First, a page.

He said the then head of the BND, August Henning, wrote a letter to the CIA outlining the possible problems with Curveball. Fischer also pointed out that it was common practice in security circles – then, as now – to not rely on a single source, but to get at least three independent sources that corroborate each other.

Asked what he thought about Colin Powell demanding an inquiry into why the CIA and its military arm, the DIA, never told him about Curveball possibly being a liar, Fischer said he couldn’t comment.

  • That’s right. Colin Powell wants an investigation into the CIA’s mishandling of intelligence that got the US into war with Iraq. Read what the CNN story, “Powell questions handling of Iraqi defector,” has to report:
    Former Secretary of State Colin Powell said Wednesday that U.S. intelligence officials should be questioned over their handling of “Curveball,” an Iraqi defector whose now discredited claims on weapons of mass destruction helped fuel the Bush administration’s drive to war in 2003.
    It has become clear over the years that “the source called Curveball was totally unreliable,” Powell said in a statement to CNN.
    “The question should be put to the CIA and the DIA (Defense Intelligence Agency) as to why this wasn’t known before the false information was put into (a key intelligence estimate) sent to Congress, the president’s State of the Union address and my February 5 presentation to the U.N.”

Iraq wants compensation for US destruction of Baghdad

Baghdad wants U.S. to pay $1 billion for damage to city

Iraq’s capital wants the United States to apologize and pay $1 billion for the damage done to the city not by bombs but by blast walls and Humvees since the U.S.-led invasion that toppled Saddam Hussein.

The city’s government issued its demands in a statement on Wednesday that said Baghdad’s infrastructure and aesthetics have been seriously damaged by the American military.

“The U.S. forces changed this beautiful city to a camp in an ugly and destructive way, which reflected deliberate ignorance and carelessness about the simplest forms of public taste,” the statement said.

“Due to the huge damage, leading to a loss the Baghdad municipality cannot afford…we demand the American side apologize to Baghdad’s people and pay back these expenses.”

The statement made no mention of damage caused by bombing.

Baghdad’s neighborhoods have been sealed off by miles of concrete blast walls, transforming the city into a tangled maze that contributes to massive traffic jams. Despite a sharp reduction in overall violence in recent years only 5 percent of the walls have been removed, officials said.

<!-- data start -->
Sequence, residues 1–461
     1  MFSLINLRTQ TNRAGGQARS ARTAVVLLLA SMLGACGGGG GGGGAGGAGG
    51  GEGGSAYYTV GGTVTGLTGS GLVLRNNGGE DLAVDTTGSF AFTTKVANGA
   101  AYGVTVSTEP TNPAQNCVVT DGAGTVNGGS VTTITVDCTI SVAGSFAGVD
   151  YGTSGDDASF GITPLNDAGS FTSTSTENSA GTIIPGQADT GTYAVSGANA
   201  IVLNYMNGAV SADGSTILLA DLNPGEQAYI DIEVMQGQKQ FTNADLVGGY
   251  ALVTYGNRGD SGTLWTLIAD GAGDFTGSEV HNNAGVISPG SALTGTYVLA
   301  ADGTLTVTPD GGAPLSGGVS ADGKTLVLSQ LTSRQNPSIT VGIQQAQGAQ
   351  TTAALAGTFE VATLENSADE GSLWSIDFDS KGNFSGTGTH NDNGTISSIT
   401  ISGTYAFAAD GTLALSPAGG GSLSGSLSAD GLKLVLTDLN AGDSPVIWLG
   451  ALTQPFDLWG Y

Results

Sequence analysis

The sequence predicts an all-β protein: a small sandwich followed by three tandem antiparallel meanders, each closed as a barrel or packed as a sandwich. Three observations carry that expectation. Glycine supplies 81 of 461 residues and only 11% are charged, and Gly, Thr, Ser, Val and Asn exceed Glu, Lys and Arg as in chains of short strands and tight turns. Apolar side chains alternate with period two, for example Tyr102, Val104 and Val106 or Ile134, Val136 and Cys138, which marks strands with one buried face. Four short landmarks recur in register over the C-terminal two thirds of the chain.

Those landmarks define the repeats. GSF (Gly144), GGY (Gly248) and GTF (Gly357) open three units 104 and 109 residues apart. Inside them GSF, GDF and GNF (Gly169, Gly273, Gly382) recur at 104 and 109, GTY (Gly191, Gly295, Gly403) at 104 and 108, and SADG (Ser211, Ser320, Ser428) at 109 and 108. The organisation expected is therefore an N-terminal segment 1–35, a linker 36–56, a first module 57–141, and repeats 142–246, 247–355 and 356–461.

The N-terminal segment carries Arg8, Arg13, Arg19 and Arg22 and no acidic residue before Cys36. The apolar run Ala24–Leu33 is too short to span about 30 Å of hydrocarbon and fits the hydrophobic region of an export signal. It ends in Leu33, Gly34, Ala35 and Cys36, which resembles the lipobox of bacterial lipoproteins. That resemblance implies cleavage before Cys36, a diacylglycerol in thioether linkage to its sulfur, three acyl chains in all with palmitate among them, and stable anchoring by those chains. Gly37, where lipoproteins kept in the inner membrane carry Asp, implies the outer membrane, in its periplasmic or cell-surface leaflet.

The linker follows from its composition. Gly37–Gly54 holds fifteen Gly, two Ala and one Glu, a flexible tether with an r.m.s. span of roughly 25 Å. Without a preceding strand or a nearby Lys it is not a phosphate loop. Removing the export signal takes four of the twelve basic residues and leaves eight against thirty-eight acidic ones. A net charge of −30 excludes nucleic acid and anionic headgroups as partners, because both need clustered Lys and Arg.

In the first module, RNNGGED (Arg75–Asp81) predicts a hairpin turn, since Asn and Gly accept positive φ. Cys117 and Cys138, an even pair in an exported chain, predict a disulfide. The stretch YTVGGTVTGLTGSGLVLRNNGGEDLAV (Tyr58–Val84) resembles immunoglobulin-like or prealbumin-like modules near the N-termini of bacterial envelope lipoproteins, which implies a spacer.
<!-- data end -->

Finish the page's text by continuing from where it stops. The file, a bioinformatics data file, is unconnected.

The heavy blast walls have damaged sewer and water systems, pavement and parks, said Hakeem Abdul Zahra, the city spokesman.

U.S. military Humvees, driven on street medians and through gardens, have also caused major damage, he said.

“The city of Baghdad feels these violations, which have taken place for years, have caused economic and moral damage,” he said.

Iraq government protests turn deadly, spread to Kurdish border
The New York Times

New Protest in Iraqi City After Clashes With Police

About 1,000 protesters took to the streets of the eastern Iraqi city of Kut on Thursday demanding the release of 45 people arrested a day earlier after clashes with security forces that left 3 dead …

The protesters, who are part of a group called Youth of Kut, have called on the province’s governor, Latif Hamad al-Tarfa, to resign over accusations that he stole money from the government and failed to improve the economy and electric supply. A donkey with the word “the governor” scrawled on its side stood with demonstrators in front of the headquarters on Thursday …

“We will stay here in the street until the governor walks out,” said Mahdi al-Yasiry, 37-year old engineer who is unemployed, as he stood with other protesters outside the government headquarters on Thursday. “Everything in this province is bad. No gas. No electricity. No jobs. No nothing.”

Kut, a mostly Shiite city of about 850,000, is about 100 miles southeast of Baghdad and is one of the poorest cities in Iraq.

In Hilla, a city about 75 miles from Kut, the authorities placed more security forces at government offices and the homes of local officials.

After Wednesday’s violence in Kut, security forces imposed a curfew in the city …

In the northern city of Kirkuk about 400 people protested in front of a government building, calling for better services for widow and orphans.

The protesters there shouted: “We want justice. Where are our rights? Protect the orphans from the thieves. We are hungry in a country of oil.”

  • A later New York Times article, “Protests Spread to More Iraqi Cities,” reports even more protests than the earlier story:
    Unrest continued to spread in Iraq on Thursday, with new protests erupting in several cities and reports from law enforcement officials that private security guards in a city in Kurdistan fired on a group of protesters who tried to storm the political offices of the region’s leader.